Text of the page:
He has 1,759 rushing yards, an astounding 38 touchdowns and averages 6.4 yards per carry. He has carried the Badgers at times this season, and has firmly established himself as the top all-around back in the nation.
Montee Ball clearly earned his spot in the Heisman Trophy presentation and has a strong case for returning to Madison with the trophy in hand, but Baylor quarterback Robert Griffin III deserves the award more than anyone else. Although it’s great to see a Badger back in New York — the first since Ron Dayne in 1999 — Griffin has done more for his team than any other player in the nation and should emerge victorious. Ball has been outstanding for Wisconsin all year, but the fact that he played alongside one of the best quarterbacks in college football, Russell Wilson, severely hurts his case.
The miracle North Carolina State transfer was a leading Heisman contender before the Badgers’ back-to-back losses at Michigan State and Ohio State, and having a teammate playing at that high of a level only weakens Ball’s Heisman resume.
UW’s top backfield threat leads the nation in both rushing yards and rushing touchdowns, and it would be a crime if he were refused an invite to New York. Perhaps most impressive is that Ball stands just two touchdowns away from breaking Barry Sanders’ record-setting 39-touchdown 1988 season. His numbers are much better than those of Trent Richardson, who boasts 1,583 rushing yards and 20 touchdowns on a six-yard per carry average, making Ball the best running back in the competition.
It’s a remarkable position for a player who was never even considered a legitimate Heisman candidate until the last few weeks, when college football analysts finally began to take note of Ball’s impressive numbers this year. While fans in Madison were irked by the lack of national attention the Wentzville, Mo., native received for his five consecutive games with more than 130 yards on the ground, Ball’s rise to Heisman candidacy has definitely been an unexpected one.
Seeing limited playing time last season until an early November matchup with Purdue after the rise of then-freshman running back James White, no one could have imagined Ball to be in such a position last fall. After taking a majority of the carries and flattening opposing defenses in 2011, perhaps no player on the Wisconsin roster could be more deserving of being in this spot. The bruising back failed to accept a backseat role despite the rise of the speedy freshman White, and now he finds himself in an incredible position.
On top of those gaudy statistics, Ball is a perfect two-for-two throwing the ball, passing for one touchdown and 57 yards. With a 504.4 passer rating, he has been even more efficient through the air than on the ground.
That said, Griffin’s numbers are equally, if not more, impressive, and there is simply no way Baylor could have become a nine-win squad without his help. The junior signal caller is the Bears’ offense, powering the team with 3,998 passing yards, 36 touchdowns and just six interceptions. Finishing the year with a staggering 192.3 passer rating as Baylor heads to the Valero Alamo Bowl to take on Washington, Griffin has truly been the most outstanding college football player in 2011.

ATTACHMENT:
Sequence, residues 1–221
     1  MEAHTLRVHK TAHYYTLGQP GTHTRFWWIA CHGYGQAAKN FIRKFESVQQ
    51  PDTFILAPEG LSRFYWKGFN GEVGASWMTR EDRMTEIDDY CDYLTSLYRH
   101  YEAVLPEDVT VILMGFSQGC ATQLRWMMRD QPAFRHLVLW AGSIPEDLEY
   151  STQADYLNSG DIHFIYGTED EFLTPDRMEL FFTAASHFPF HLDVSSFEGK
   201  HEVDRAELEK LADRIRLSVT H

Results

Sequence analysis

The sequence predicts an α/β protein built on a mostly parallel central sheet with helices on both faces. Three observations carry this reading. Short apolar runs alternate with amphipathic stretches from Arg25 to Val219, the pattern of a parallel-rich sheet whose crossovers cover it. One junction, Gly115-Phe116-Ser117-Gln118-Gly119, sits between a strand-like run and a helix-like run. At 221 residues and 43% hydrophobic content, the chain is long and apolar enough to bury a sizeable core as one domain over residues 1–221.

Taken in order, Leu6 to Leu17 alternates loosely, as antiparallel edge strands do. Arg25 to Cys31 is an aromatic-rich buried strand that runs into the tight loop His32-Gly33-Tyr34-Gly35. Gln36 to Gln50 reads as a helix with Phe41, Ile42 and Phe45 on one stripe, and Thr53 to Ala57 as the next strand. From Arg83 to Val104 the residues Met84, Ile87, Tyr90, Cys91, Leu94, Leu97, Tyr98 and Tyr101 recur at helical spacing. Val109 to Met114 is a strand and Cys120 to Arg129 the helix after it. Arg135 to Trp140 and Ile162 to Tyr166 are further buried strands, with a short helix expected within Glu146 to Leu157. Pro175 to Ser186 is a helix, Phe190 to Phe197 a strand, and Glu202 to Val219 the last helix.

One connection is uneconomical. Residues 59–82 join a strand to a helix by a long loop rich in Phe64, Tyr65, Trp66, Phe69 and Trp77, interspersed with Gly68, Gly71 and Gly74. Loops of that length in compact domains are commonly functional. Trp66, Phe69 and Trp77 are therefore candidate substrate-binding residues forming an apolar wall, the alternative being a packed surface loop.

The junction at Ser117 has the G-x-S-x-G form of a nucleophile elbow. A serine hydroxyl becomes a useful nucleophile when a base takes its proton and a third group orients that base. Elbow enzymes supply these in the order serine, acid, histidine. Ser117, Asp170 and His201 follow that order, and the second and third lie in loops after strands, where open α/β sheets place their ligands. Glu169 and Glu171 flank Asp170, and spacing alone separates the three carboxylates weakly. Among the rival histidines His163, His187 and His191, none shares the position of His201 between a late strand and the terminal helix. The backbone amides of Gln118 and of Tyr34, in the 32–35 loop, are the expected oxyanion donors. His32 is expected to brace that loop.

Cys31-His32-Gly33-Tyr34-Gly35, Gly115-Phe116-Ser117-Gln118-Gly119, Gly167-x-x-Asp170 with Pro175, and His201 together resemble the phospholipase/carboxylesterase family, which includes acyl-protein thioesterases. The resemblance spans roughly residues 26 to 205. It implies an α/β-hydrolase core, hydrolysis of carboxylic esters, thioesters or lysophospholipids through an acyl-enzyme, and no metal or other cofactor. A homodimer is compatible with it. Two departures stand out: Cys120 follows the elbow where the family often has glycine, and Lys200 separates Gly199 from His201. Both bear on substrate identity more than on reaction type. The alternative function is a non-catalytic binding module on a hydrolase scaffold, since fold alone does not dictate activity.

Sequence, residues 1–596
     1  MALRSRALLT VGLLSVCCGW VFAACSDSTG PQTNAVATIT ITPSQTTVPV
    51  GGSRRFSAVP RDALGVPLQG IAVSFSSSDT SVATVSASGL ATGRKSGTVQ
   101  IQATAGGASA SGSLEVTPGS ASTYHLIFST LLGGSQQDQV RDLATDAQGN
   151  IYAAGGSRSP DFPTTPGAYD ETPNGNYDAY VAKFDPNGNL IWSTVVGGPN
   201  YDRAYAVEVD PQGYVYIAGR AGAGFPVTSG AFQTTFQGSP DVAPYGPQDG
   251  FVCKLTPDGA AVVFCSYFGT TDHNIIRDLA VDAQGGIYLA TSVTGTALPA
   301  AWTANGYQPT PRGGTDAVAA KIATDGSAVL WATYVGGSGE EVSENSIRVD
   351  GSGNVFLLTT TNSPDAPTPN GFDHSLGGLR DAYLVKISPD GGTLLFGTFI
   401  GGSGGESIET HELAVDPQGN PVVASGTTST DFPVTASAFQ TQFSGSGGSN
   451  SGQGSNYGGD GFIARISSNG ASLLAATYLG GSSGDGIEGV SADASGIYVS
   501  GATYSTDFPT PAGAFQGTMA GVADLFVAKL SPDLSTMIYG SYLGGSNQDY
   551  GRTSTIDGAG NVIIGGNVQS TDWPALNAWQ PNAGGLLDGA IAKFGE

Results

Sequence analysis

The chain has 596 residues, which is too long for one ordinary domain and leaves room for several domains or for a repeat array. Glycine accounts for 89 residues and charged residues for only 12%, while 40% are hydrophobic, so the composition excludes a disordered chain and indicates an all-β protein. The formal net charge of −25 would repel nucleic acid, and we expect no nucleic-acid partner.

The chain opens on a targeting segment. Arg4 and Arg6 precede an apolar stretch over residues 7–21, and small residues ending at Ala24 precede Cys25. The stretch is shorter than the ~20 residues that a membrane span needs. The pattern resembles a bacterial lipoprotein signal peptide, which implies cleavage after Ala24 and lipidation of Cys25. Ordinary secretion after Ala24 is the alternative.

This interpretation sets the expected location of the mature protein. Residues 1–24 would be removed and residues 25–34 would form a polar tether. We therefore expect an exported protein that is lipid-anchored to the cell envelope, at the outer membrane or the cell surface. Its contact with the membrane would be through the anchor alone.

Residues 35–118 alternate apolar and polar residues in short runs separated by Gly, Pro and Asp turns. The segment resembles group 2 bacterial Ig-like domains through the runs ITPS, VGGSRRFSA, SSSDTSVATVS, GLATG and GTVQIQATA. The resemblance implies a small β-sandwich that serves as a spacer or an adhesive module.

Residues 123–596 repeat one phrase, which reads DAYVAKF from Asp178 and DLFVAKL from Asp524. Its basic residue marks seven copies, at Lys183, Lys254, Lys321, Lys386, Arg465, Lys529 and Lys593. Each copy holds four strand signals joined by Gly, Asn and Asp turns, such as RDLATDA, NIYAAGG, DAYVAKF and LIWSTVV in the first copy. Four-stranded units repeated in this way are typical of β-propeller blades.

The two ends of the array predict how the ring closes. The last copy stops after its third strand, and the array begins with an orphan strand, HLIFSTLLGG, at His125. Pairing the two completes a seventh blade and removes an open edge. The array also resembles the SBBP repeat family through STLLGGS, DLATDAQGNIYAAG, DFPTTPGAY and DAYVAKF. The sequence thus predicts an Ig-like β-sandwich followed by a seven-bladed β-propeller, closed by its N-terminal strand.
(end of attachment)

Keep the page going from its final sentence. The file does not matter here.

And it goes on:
Without their rocket-armed quarterback, the Bears are likely a four- or five-win team stuck in a rebuilding year, with little hope of qualifying for a bowl game. Wisconsin likely wouldn’t be in the Rose Bowl without Ball, but Wilson has been an equally important component of success for this year’s squad, also bound for “The Granddaddy of Them All.” If the Badgers relied on Jon Budamyr or another current backup to step in following the departure of former standout quarterback Scott Tolzien, they would be in an entirely different situation right now, one far away from the historic setting in Pasadena.
Wisconsin’s junior running back should finish second behind Griffin — and there’s a solid chance he will — but Griffin deserves the nod this year. Ball’s statistics have earned him that spot, and Badger fans should realize just how special it is to have a Heisman candidate come out of Madison.
With only two Heisman Trophy winners in program history — Dayne and fullback Alan Ameche in 1954 — sending a finalist to the presentation for the top award in college football can only help Wisconsin’s pursuit of becoming one of the premier programs in the country.
As the recruiting continues to improve and the Badgers develop into a perennial contender in the Big Ten, Ball having the honor of being selected as one of five players hoping to hear his name called Saturday night is great publicity for the Wisconsin brand. Wisconsin already has a reputation for being dedicated to running the ball, something that has allowed them to develop a backfield overflowing with talent, and seeing Ball on the national stage will only continue this tradition.
It’s no coincidence that UW’s only two players to walk away with the Heisman Memorial Trophy were both ball carriers, and Ball has now etched his name along the best backs to ever grace the field of Camp Randall Stadium.
So as you tune in to the Heisman Trophy this weekend and watch Ball proudly represent the University of Wisconsin, realize that this is a rare chance to see a Badger on the biggest individual stage in college football. Just don’t expect him to win.
Ian is a junior majoring in journalism. Think Ball deserves to be crowned a winner in New York, or is there another candidate that deserves the award more than Robert Griffin III? Let him know by tweeting @imccue or emailing him at [email protected]